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Seaton Nick Seaton of the Campaign for Real Education welcomes a call for the axe to fall on school quangos.

It is hoped and planned that a new pamphlet published today by the Centre for Policy Studies will be the first of many on the same theme. There is certainly plenty of scope and there are billions of taxpayers' pounds to be saved with little effect on front-line public services.

School quangos: An agenda for abolition and reform by Tom Burkard and Sam Talbot Rice considers the costs and benefits of 11 quangos concerned with schools. The authors calculate that by
abolishing some and reducing the unnecessary duties of others, around £633m could be saved out of their annual costs of £1,183m.

Four examples taken at random from the pamphlet:

The Training and Development Agency (TDA) is the quango responsible for teacher recruitment and training. In 2007-08, 'there were 38,000 initial teacher trainees. Each one cost the taxpayer
almost £15,600 – but only 27,700 (73%) became teachers.   In other words, £160 million was wasted on candidates who never teach.'

The National College for School Leadership's   'grant-in-aid from the government has increased from £27.9m in 2002 to £83.3m in 2007-08…Over the same period, the number of staff has gone up from 58 to 248.'  In 2002, staff costs were £2.3m. In 2008, they had increased five-fold to £11.5m.  Yet 'the organisation has failed to resolve the difficulties of recruiting headteachers.'  (If anything, the problem is getting worse.)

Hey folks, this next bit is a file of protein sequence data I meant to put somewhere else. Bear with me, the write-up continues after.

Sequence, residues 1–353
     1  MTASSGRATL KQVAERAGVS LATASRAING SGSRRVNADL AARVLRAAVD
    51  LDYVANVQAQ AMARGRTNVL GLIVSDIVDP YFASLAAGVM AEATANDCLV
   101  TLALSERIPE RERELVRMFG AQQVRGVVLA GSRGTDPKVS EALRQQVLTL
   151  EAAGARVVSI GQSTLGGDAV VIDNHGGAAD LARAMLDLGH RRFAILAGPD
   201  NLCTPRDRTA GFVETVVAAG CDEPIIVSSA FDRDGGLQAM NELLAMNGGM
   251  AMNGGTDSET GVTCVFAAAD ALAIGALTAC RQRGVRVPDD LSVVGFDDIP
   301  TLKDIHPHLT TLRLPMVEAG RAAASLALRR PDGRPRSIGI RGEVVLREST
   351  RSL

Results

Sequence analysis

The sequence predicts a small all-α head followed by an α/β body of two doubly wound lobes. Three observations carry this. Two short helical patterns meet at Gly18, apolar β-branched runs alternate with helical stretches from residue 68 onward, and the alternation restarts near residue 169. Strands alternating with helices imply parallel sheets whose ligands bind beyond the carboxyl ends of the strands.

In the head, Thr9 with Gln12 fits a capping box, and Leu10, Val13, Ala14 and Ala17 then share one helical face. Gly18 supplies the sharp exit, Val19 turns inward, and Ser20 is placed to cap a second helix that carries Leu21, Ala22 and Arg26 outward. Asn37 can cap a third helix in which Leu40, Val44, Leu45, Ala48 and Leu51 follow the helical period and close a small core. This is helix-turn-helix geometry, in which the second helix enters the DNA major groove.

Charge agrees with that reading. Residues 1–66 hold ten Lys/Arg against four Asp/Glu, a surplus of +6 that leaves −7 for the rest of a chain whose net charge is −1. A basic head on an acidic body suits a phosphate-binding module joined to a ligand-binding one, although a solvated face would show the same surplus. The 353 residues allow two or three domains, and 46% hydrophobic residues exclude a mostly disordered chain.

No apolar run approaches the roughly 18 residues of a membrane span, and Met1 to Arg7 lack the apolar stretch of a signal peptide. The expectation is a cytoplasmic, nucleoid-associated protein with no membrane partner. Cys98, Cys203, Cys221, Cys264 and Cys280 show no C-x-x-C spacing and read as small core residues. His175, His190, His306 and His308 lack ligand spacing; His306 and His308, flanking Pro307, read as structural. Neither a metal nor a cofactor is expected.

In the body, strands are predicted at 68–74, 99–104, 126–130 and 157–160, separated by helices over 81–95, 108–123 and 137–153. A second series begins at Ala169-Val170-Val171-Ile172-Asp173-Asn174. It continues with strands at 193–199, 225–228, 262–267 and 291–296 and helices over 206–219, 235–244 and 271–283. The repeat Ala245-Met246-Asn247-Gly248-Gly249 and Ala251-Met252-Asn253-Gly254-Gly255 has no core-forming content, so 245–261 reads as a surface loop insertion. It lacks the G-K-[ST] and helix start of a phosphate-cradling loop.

Staff costs at the British Educational Communications and Technology Agency (BECTA), the quango responsible for promoting technology/computers in schools, were £3.9m in 2003.  In 2008, they had increasedmore than four-fold to £16.7m.


Partnerships for Schools (PfS)  shares responsibility for the government's academies and Building Schools for the Future programmes. A recent Public Accounts Committee report criticised PfS for having 'wasted public money by relying on consultants to make up for the shortfalls in its own skills and resources.'   PfS has also been accused of  'bullying local authorities',  'empire building' and 'mission creep'.

All the quangos examined in this study come under the umbrella of the Department for Children, Schools and Families.  And the authors point out that the Cabinet Office claims that overall, quangos consume around £34bn of taxpayers' money each year. However, a more credible report from the Taxpayers' Alliance suggests that the true figure is perhaps £64bn.  Either way, these are very significant amounts.

School quangos  provides key information in easily digestible form. Though quangos give 'the impression that something is being done to solve the political problem of the day', the evidence here suggests that  they increase costs and bureaucracy, whilst offering little in the way of benefits.

With information like this, how many taxpayers would regret their demise?

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